Finally, the isolation of prisons is actually itself harmful. There is a reason prisons are dreaded. We know there is horrendous mistreatment within the system. We know the impact of power dynamics between prison guards and prisoners, between prisoners themselves affects peoples everyday llives. We know that there is immense psychological trauma from being isolated in society. So you’re essentially sending those who commit violence to a violent place. This should not be a justifiable form of harm.
TS: The term ‘carceral state’ is often used in relation to talking about prison reform. What exactly comes under the ambit of a carceral state?
SD: The word ‘carceral,’ we know comes from its relationship to prison. But the “carceral state” expands that to help us think beyond the criminal justice system or institutions of confinement to other practices and structures of the state that are shaped by a similar punitive culture. So one thing that the carceral state allows us to do is look at other institutions of confinement or detention, like immigration detention camps, psychiatric institutions, or even shelter homes but the value of the term comes from how it helps us think about things that we earlier may have thought are not related, like poverty, gender, ethnic difference, the construction of borders, our everyday culture and thinking around punishment that resemble state forms of policing and surveillance. So the “carceral state” is a useful analytical framework to understand and think critically about all of these different kinds of relationships that are related to confinement.
TS: And how does detention work in systems that don’t involve punishment — like say, a psychiatric asylum or a shelter? Common understanding is that these spaces are created by the state as means of aid, right?
SD: Formal institutions for protection are worth thinking about together not because they are completely identical to prisons in the form of harm they are causing but because there are other similarities that really shouldn’t be there at all in the way we care for people. Some similarities of these are that these institutions have dismal facilities, being “institutionalized” often results in intense stigma, and the social identities of the people who tend to be institutionalized in shelter homes or psychiatric institutions are often similar to that of prison. Finally, these spaces of confinement in society and, as a result, the people in these spaces, are at the margins of society so there is little oversight or accountability for the harms that may be committed in these spaces. So I’m not saying that prisons and these institutions are identical and need to be treated exactly the same way but we need to question the construction and practices at these institutions within the larger framework of the carceral state.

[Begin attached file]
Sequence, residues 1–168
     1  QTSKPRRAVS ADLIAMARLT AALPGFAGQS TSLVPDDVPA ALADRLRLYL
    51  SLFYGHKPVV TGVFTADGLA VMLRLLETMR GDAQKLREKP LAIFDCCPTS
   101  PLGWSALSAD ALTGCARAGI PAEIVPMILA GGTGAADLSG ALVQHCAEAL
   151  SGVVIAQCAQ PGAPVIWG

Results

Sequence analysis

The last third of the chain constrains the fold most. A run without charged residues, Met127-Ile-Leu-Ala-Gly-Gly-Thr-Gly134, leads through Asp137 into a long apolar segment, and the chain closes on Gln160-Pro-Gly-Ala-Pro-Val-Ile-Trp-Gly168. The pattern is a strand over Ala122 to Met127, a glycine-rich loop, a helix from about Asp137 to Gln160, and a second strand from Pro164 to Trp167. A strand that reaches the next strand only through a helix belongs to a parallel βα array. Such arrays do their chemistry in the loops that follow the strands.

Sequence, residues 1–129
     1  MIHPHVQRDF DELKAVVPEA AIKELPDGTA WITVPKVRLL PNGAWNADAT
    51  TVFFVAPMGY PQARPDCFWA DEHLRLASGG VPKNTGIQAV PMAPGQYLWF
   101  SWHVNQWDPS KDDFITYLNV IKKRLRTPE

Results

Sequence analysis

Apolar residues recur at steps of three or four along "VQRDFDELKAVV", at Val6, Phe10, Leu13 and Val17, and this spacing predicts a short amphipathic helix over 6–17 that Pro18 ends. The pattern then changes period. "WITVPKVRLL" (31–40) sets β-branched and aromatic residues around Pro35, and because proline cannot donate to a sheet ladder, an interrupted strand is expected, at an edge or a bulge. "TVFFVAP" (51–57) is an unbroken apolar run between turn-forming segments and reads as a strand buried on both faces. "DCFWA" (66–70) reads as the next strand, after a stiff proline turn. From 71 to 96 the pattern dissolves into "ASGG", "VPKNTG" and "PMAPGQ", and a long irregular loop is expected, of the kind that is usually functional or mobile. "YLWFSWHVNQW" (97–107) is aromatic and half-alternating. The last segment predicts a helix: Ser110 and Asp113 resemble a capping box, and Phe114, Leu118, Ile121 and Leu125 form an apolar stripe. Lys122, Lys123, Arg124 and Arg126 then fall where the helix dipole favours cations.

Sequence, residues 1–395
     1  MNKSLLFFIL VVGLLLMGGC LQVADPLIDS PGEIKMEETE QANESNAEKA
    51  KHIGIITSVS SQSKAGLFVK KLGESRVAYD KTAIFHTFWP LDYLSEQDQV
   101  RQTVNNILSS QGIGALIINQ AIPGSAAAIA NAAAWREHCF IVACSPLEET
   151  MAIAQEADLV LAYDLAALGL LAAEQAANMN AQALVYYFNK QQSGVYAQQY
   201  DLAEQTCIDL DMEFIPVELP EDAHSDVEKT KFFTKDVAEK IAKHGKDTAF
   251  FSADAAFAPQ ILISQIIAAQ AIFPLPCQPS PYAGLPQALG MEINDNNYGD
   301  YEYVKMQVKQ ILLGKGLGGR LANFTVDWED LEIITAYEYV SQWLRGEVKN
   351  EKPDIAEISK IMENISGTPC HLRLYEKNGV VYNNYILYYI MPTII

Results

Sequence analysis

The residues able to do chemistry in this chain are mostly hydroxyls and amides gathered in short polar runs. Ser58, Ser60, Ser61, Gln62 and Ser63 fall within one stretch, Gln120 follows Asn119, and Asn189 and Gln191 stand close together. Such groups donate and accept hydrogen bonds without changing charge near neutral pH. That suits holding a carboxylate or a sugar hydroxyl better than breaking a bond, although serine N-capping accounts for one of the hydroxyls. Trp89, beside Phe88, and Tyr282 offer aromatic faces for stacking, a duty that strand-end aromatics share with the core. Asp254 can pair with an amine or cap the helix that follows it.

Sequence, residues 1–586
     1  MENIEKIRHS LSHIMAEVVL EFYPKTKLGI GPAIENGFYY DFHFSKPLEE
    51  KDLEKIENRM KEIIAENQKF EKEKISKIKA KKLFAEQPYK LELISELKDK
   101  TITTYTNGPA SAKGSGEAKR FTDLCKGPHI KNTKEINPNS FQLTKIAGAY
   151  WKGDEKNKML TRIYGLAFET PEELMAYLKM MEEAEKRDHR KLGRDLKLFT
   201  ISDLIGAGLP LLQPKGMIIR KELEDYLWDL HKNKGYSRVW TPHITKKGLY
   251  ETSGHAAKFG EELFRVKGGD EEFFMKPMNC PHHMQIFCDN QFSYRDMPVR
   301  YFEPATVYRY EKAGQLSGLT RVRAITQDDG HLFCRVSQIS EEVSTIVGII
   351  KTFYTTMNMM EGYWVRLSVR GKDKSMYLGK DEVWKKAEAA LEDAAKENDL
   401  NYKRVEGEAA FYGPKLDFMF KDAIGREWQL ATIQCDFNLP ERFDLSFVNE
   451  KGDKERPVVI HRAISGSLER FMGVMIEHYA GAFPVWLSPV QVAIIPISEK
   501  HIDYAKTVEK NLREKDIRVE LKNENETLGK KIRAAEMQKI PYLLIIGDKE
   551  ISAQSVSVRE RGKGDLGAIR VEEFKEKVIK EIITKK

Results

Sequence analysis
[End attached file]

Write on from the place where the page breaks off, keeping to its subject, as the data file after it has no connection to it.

TS: One thing that’s common across all forms of such institutions is the frequent violation of human rights. How does that end up happening? How much the confined individual’s identity depends on the abuse they suffer?
SD: There’s no clear way to answer this actually, but these spaces have a lot of impunity and a lack of accountability built into them. For one, being a space of confinement, we don’t know what is happening within these spaces a lot of the time. And because of the stigma associated with these spaces, people are also not paying attention to this. Secondly, the power dynamic between those who hold people in confinement and the confined is a breeding ground for human rights violations.
With respect to prisons, we have this idea that people in jail are ‘bad people’ and there’s no reason to treat bad people well. The use of various methods of torture is also because it seems like a straightforward form of getting what you want – you want to hold someone responsible, you know that the process of investigation is tedious and messy, and you know that you will not face any consequences at all for such actions then why not use this method to get the job done? Thirdly, it’s important to note that prisons are also patriarchal institutions — this is not to say that it is only men who abuse their power — it means that prison spaces embody aggressive masculinity which leads to violent behavior.
It can also be difficult to distinguish between abuse that happens due to the system itself and the abuse that happens due to the confined individual’s identity. Like I said, the criminal justice system targeted towards certain communities – namely poor people, people who are Dalit, Bahujan, and Adivasi, and like all of society, is also disproportionately violent towards women, gender minorities, and people with disabilities. In other words, prisons reproduce many of the forms of oppression and dehumanization of certain groups that we see in society that would be understood as human rights violations and because of the lack of impunity endemic to such spaces, these violations are part of the culture of these spaces.
TS: Over the past year,we’ve seen a lot of discourse around abolition — due to the Black Lives Matter movement and the custodial deaths of Jayaraj and Bennix. What made you optimistic, and what nuances did you feel were lost in these conversations?